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It’s okay to raise prices

Jane Lee, PureLee Jane

"It has taken time, but I’ve learned to value myself. That means not to keep giving away my services for free (which I used to do a lot of, especially to family and friends) and to be okay with raising my prices. I know what my services provide and how they help others feel calmer, more relaxed and connected, and the value of that. It also helped me to look at other similar or complementary services and see what they charge. For example, a client may leave a session with me feeling just as relaxed and de-stressed as they would from a massage or acupuncture appointment, so I know that charging just as much is viable and makes sense.

Right off the bat, I give new customers a lot, so they feel valued. For example, I have a weekly drop-in yoga meditation class that offers a free first class. I do that because I understand you need to find the right fit and teacher for you in this type of exchange, and I don't want to work with a customer who isn't right for me. I also have these high-quality, branded stainless steel insulated water bottles that I was selling before that I give to each new customer. I had decided I no longer wanted to manage product inventory and wanted to switch to only service offerings, so giving away my extra inventory as a bonus gift to new clients made sense, and they love them.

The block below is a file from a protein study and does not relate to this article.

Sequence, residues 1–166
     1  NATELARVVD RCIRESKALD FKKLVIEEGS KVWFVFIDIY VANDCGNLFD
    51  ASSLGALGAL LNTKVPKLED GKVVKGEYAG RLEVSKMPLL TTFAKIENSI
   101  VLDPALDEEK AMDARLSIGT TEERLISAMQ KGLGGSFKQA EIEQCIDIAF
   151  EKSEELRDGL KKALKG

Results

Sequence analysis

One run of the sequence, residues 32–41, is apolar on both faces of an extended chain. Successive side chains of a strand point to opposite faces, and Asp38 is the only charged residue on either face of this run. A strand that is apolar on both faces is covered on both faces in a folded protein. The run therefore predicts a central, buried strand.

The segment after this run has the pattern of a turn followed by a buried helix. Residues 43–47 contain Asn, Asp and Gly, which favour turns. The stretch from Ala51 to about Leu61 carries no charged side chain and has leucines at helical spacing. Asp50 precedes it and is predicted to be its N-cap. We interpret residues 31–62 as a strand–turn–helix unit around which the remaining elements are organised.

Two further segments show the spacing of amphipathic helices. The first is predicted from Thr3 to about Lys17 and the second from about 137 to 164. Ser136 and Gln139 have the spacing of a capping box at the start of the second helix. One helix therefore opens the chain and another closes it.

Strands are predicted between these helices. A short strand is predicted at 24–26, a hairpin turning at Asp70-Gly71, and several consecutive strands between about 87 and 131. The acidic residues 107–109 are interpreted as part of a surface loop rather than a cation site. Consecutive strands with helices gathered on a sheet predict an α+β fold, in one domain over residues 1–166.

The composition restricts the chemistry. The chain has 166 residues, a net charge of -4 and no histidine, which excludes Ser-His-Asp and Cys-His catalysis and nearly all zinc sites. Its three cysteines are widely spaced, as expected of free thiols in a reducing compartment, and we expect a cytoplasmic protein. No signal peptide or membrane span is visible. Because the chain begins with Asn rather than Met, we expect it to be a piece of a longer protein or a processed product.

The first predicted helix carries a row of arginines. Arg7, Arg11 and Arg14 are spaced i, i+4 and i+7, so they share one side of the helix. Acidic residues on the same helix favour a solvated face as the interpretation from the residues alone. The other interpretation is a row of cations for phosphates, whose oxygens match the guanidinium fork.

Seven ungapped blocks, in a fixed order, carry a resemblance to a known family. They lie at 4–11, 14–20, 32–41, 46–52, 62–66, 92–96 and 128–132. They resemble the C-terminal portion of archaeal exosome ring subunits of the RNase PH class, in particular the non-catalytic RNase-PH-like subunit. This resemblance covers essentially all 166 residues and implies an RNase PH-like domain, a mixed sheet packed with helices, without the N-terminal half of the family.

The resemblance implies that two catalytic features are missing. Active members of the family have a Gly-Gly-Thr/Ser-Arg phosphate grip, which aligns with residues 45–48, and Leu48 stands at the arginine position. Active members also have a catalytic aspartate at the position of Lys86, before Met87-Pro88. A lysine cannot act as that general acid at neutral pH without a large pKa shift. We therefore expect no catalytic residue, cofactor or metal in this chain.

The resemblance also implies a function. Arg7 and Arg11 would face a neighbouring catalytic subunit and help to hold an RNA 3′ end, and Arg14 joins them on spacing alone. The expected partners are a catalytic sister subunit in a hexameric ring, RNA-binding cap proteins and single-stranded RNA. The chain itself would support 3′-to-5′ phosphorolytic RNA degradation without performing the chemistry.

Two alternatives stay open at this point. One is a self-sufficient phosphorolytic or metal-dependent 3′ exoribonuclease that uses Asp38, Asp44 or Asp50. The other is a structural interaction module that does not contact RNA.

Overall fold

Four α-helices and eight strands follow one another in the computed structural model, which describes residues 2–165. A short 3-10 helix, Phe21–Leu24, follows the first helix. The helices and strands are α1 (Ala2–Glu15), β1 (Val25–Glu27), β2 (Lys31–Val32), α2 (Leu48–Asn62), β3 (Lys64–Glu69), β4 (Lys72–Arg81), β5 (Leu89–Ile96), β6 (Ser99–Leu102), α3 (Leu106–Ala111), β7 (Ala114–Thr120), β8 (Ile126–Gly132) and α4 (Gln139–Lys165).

I also understand that getting a new customer is harder than retaining that customer and getting them to work with you more. So, I think of offerings that provide value while introducing other products or services. Most of my clients from yoga, meditation, and coaching have also bought my book."

Advice Contributor

Jane Lee

Jane Lee has taught yoga & meditation for ten years and has had a personal yoga and meditation practice for twenty years.

See Jane's Site